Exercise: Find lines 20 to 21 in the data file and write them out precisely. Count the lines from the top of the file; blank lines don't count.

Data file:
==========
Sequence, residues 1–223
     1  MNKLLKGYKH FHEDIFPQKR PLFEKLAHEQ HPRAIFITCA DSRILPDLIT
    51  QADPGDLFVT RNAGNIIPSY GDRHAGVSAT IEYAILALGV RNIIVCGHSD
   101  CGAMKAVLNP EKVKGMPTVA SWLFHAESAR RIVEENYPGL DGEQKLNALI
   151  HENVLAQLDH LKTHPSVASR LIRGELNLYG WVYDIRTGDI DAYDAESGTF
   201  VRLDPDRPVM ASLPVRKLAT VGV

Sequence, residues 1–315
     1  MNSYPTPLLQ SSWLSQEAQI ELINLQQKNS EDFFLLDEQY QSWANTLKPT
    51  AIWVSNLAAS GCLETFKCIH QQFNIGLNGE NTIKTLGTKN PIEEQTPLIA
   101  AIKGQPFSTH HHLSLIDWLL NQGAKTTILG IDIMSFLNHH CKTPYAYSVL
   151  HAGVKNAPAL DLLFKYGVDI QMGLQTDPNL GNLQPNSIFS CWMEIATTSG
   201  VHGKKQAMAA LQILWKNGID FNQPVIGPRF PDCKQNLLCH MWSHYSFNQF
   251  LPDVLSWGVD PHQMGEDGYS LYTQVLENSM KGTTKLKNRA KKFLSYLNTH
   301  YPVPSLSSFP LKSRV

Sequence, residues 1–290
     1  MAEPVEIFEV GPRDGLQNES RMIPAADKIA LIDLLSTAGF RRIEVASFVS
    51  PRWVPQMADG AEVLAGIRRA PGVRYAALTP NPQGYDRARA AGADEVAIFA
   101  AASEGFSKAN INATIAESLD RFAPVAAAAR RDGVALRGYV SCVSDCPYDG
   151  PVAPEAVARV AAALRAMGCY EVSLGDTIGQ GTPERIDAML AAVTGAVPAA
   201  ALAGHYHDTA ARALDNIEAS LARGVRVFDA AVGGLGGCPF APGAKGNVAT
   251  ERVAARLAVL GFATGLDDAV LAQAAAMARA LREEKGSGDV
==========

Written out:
   201  ALAGHYHDTA ARALDNIEAS LARGVRVFDA AVGGLGGCPF APGAKGNVAT
   251  ERVAARLAVL GFATGLDDAV LAQAAAMARA LREEKGSGDV